Four Week Course: CELTA in London: WOW!

Aug 27th, 2005, 12:48 AM
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Four Week Course: CELTA in London: WOW!

I just came back from completing a four week course called CELTA. CELTA stands for Certificate of English Language Teaching for Adults. It gives you the basic knowledge to teach English at language schools anywhere in the world. It's a great option for people who would like to live and work in China, Eastern Europe and any other country that has a great demand for English teachers. I chose International House in London because of it's reputation, however there are schools all over the world that offer this course.

London, itself, was absolutely magical. I lived with a host lady in Willesden Green and took the Jubilee line to school everyday, getting off at Green Park. The tube wasn't very crowded at the beginning of August (especially the Piccadilly line), but by the end of August, it was pretty much up to its original capacity. The tube is a wonderful and quick transportation option with only two disadvantages: you are always in a tunnel and they are usually fixing parts of a line. The latter means that you need to check the boards at the tube station to see if your line has: good service, minor delays or no service.

I saw the Tower of London, standing in line at 9.00 on a Saturday morning. No crowds! I did the London Eye on Monday night with only a ten minute wait. There was a 1.5 hour wait on Saturday night, so avoid that day if you can. I saw the Producers, which is fantastic and probably the best show in London at the moment (this is a matter of taste, of course). I saw the Philadelphia Story with Kevin Spacey, which he played wonderfully. However, if I had to choose between the two, I would definately choose the Producers. We got cheap tickets because we chose the restricted view options, which really weren't restricted at all. We paid 20 pounds for the Producers and 15 pounds for the Philadelphia story.

I ate at the Laureate, a wonderful Chinese restaurant close to China town and across the street from Les Miserables. Very, very good. I also ate Indian at the Khans of Kensington twice (close to the South Kensington station). Fantastic. Since the school was near Shephard's Market, we visited the King's Arms and Ye Grapes pubs almost on a daily basis. Many students went to Pret a Manger (spelling?) which offers high quality sandwiches at good value prices. They are the McDonald's of the next generation, offering more nutritious foods of the same quality in all of their stores.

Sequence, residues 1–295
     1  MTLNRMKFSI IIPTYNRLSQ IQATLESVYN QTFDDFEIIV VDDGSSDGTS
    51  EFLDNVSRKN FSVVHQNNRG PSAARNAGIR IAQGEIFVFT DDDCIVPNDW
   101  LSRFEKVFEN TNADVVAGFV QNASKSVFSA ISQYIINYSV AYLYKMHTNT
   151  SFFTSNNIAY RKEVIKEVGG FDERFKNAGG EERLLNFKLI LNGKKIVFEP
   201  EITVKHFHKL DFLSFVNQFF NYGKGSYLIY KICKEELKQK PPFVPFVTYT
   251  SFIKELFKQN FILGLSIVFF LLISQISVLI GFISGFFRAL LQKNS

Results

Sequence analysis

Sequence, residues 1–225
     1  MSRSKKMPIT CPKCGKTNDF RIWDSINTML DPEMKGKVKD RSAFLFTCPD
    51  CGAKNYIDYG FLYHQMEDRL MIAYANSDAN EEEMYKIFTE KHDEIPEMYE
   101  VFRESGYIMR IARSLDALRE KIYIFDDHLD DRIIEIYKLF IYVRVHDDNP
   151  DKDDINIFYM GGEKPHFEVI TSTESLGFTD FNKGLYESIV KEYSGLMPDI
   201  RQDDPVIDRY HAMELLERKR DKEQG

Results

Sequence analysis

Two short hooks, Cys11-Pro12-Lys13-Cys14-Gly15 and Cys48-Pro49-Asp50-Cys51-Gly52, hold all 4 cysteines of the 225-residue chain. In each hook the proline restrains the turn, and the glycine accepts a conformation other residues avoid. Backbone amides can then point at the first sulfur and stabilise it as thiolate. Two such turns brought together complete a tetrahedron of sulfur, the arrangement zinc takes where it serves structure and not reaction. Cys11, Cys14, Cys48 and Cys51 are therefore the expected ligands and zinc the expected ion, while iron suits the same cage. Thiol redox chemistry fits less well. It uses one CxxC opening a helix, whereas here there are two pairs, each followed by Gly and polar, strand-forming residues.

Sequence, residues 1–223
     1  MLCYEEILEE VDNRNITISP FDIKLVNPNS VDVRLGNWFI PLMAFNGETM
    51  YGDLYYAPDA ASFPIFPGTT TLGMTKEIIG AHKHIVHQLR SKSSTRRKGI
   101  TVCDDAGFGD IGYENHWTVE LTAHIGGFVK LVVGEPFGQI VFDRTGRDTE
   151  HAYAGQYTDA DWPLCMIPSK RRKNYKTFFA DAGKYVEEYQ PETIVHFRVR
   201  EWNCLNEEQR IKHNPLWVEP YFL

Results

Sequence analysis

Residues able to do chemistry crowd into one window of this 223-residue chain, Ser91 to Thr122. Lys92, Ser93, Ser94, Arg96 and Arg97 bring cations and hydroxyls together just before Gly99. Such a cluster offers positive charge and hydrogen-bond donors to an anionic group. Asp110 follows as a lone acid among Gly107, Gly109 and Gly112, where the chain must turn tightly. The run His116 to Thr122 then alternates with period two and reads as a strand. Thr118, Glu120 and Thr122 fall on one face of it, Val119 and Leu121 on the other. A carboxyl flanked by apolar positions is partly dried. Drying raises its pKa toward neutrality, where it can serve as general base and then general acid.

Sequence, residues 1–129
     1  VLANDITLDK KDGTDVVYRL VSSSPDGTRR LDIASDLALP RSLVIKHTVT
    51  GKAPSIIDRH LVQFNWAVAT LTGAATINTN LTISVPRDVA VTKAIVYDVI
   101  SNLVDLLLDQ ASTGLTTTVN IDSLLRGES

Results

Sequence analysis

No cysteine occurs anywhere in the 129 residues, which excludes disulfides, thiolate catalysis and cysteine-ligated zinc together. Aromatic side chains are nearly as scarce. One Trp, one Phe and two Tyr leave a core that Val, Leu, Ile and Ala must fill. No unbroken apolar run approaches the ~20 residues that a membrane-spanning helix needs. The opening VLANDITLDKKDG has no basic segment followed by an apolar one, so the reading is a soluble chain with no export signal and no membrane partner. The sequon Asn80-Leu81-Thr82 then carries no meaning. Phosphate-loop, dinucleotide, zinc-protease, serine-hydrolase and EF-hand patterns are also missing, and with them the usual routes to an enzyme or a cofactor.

I went to Covent Garden on a Saturday night. There were so many hen parties (female stag parties) that each place we visited was overrun by gorgeous young groups of females having a wild time. I've never seen anything like it.

I walked the southern bank of the Thames twice, which was sooo wonderful. It was my favorite part of London. We also visited Borough Market on Saturday lunch time. Great food booths but it was so crowded that we lost each other twice. We also had a very pleasant tea near the market at the Tea Museum.

I also did Wagamamas, which is the rage in London at the moment. I had their vegetable soup, which I really didn't enjoy at all. This rather surprised my fellow London students, since they loved everything they ate.

London fashion: longer, flowing skirts and blue jeans! Rarely does a Londoner wear capris. Unfortunately, I brought five pair and stuck out like a sore thumb in the classroom.

To sum it up: Going to a London pub is like going to a fraternity party: the beer keeps flowing. Prims is a wonderful alcoholic drink that everyone should try. The tabloids are definately comparable to the National Enquirer and the women love to show their cleavage. Of course, I saw London through the eyes of a student and avoided any higher priced restaurants. And I always minded the gap.

kleeblatt is offline  
Aug 27th, 2005, 02:41 AM
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I'm guessing that Prims - Pimms (served with lemonade, fruit and mint)?

And Wagamamas was vaguely the rage in London when it opened several years ago - now it's just one of many, popular, inexpensive chain restaurants that are particularly good for groups, low budgets and short timeframes.

Does sound like you had a fantastic trip! How was the course itself?

Thanks for sharing!
Kavey is offline  
Aug 27th, 2005, 02:56 AM
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PIMM'S! Of course! Sorry about the spelling.

Here's a rundown of the course:

Teachers: Fantastic and inspiring. Our teacher had even written a book on how to teach English as a second language.

Course: four weeks: 9.00 - 3.45 daily. There are also afternoon courses available as well.

Teaching practice lessons and assignments: We had 8 observed teaching practice lessons and 4 written assignments. We taught 40 min. and 60 min. lessons to a group of 6-14 students from all over the world. Each lesson was evaluated through oral and written feedback.

Homework: For each lesson, most students needed 2-5 hours of preparation outside of class. There is a very good library at the school available for resources.

Career possibilities: We were told at the end of the course how to find a job abroad. There were a number of jobs available at language schools in China and Eastern Europe. Finding a job without teaching experience is harder than with experience.

Hope this answers your question.
kleeblatt is offline  
Aug 27th, 2005, 03:14 AM
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Thanks, and do you now have a standard TEFL qualification/ diploma?
Kavey is offline  
Aug 27th, 2005, 03:44 AM
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It's a TEFL certificate. If you want to do a diploma, you need to do the DELTA, which would be the next step after CELTA. With CELTA, you can teach students. With DELTA, you can teach teacher trainees.
kleeblatt is offline